In season 5 we meet a new female character, Lydia Rodarte-Quayle, the first to be involved in the meth business. Instead of seizing the opportunity of introducing a strong female leader, her character development is limited to being described as neurotic by three different people, ordering hot water with lemon, and getting upset over accidentally wearing two different pairs of shoes. Eventually, under threat, she comes up with a flawless plan that ensures the success of Walt’s newest business venture, but instead of being praised for her resourcefulness, she is simply spared of being killed. Her character has since disappeared.

While I am a fan of Breaking Bad, I would love to see them passing the Bechdel test. Coined from a comic strip by Alison Bechdel in 1985, the test states that a narrative worth watching has: 1) at least two women in it, 2) who talk to each other, 3) about something other than men. While mobster movies may not have excelled at female empowerment, the flatness of these characters makes me yearn for someone as crazy and complex as Sharon Jones in Casino or Penelope Cruz in Blow. Let’s hope Breaking Bad finds space for a female drug queen to take on Walt. Or maybe it’s time to send Walt to therapy, I hear Dr. Melfi is seeing patients again.

Wednesday, May 23, 2012

Tiffany Shlain Connects Us

Tiffany Shlain brings us full circle and back to human connections with her TedxWomen talk. She only speaks briefly for about 10 minutes before presenting her short film A Declaration of Interdependence.Conceptualized as a rewriting of the U.S. Declaration of Independence, A Declaration of Interdependence is a 4-minute global-participatory film that shows an exhilarating montage of user-generated videos and graphics. To the music of Moby, we get to experience a global mash-up of images, words, and languages, demonstrating the vast potential of creative collaboration in the 21st century.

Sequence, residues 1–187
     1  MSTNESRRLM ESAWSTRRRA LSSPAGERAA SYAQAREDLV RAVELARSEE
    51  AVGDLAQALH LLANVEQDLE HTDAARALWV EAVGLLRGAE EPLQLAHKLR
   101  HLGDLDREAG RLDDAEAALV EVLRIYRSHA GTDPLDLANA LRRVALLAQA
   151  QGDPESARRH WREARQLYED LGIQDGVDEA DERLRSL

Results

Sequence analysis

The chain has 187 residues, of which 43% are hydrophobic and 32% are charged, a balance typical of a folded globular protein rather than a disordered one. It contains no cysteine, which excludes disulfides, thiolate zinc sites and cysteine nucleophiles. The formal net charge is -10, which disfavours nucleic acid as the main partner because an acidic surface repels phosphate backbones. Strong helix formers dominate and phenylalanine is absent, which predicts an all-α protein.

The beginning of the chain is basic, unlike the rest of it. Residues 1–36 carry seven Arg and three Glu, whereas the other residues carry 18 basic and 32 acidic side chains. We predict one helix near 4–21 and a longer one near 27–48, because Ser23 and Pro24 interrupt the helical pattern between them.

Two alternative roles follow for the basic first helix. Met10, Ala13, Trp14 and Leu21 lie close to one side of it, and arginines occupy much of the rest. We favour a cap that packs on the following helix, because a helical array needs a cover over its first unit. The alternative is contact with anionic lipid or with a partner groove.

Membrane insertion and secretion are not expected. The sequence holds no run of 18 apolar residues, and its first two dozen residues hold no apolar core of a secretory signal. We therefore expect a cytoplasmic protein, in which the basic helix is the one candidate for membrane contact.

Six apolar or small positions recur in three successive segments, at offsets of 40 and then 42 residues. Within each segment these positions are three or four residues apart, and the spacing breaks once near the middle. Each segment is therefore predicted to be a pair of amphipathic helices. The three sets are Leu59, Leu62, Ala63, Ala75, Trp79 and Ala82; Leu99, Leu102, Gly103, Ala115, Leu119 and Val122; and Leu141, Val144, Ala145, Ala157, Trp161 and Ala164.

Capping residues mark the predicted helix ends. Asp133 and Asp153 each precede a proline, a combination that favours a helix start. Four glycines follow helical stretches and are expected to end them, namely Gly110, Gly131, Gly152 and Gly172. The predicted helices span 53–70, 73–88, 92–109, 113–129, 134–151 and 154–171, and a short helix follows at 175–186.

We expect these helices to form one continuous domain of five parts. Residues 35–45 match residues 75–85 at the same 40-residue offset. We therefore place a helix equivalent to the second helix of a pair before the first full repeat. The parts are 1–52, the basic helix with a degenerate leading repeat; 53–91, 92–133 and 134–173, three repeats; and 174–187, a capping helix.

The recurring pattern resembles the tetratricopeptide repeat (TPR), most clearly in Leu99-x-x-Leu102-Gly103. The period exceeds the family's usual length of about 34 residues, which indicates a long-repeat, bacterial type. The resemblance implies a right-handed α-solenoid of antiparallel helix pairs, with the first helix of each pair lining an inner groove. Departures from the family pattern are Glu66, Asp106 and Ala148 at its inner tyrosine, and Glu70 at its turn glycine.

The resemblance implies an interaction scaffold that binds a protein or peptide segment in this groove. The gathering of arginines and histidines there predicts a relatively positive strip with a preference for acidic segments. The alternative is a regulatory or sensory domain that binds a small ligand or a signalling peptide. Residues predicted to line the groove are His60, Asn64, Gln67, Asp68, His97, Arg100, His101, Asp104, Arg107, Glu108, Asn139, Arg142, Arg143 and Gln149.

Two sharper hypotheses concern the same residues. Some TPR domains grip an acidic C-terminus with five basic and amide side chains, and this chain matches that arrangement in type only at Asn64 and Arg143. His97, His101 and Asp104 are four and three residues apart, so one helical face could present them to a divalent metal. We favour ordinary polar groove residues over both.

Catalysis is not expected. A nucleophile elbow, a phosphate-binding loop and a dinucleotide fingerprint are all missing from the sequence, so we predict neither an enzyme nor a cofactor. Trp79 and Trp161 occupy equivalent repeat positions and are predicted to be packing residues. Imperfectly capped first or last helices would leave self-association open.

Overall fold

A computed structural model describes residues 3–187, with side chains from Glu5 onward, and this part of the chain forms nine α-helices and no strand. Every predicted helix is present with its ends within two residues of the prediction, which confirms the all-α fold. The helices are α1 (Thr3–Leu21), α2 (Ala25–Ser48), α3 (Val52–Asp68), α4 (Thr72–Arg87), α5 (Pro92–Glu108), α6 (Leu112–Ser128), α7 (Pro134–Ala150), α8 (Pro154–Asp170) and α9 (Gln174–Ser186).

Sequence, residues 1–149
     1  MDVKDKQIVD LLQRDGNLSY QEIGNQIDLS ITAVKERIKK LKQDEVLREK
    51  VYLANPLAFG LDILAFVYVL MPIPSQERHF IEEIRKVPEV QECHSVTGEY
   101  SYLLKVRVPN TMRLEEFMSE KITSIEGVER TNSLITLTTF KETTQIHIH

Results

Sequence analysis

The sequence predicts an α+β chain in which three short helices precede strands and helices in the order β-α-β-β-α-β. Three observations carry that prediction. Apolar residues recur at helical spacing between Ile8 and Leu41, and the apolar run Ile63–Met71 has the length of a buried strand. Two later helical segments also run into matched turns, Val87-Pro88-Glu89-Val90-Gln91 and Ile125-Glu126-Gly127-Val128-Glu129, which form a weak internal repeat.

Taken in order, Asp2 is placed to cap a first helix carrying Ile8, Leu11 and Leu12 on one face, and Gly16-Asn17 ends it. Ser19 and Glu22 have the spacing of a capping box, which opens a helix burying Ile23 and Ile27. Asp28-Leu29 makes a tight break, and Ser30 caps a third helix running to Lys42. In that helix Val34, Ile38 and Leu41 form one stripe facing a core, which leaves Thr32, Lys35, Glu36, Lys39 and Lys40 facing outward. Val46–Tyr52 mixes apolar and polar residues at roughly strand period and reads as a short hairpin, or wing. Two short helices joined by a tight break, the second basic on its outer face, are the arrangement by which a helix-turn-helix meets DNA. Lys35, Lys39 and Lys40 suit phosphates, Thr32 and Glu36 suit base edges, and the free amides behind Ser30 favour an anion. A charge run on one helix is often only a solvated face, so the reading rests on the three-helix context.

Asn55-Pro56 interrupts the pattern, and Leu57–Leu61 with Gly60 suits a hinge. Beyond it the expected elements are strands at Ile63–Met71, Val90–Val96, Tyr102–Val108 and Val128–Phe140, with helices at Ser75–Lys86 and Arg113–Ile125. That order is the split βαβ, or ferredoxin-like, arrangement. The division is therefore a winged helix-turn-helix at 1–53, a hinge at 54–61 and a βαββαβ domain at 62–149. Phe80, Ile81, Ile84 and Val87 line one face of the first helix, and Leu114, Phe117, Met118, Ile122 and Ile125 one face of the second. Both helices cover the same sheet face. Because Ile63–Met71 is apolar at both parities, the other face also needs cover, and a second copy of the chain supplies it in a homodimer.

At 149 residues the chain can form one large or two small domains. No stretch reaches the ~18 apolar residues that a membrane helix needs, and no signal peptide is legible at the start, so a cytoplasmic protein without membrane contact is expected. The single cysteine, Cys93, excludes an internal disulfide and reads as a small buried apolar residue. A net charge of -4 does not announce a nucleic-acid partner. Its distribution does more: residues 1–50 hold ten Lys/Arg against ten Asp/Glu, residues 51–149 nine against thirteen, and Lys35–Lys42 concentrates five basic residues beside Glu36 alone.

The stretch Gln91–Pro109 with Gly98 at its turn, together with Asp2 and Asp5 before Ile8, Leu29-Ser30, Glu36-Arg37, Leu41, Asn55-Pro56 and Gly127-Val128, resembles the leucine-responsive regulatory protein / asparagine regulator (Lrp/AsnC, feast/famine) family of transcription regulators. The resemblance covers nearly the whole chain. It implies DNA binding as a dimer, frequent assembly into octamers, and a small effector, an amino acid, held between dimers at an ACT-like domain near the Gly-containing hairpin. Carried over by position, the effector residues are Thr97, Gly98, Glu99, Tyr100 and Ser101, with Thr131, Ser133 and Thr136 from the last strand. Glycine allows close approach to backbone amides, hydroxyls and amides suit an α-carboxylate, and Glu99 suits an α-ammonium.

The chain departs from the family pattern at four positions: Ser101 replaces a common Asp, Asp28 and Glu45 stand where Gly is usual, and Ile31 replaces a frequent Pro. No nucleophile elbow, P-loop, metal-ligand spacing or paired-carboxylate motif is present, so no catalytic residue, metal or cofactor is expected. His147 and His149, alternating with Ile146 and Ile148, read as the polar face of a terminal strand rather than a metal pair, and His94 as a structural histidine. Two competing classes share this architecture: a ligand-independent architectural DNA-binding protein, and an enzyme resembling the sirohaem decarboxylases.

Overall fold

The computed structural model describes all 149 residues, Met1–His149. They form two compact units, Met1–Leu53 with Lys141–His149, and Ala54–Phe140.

Honored by Newsweek as one of the “Women Shaping the 21st Century,” Tiffany Shlain is a filmmaker, founder of the Webby Awards, and co-founder of The International Academy of Digital Arts & Sciences. A celebrated thinker and catalyst, Tiffany is known for her ability to illuminate complex ideas in culture, science, technology and life through her unique films, dynamic talks, and innovative projects. Her last four films premiered at Sundance, including her 2011 acclaimed feature documentary, Connected: An Autoblogography about Love, Death & Technology, which The New York Times hailed as “Examining Everything From the Big Bang to Twitter,” and the US State Department just selected as one of the films to screen at embassies around the world in their 2012 American Film Showcase.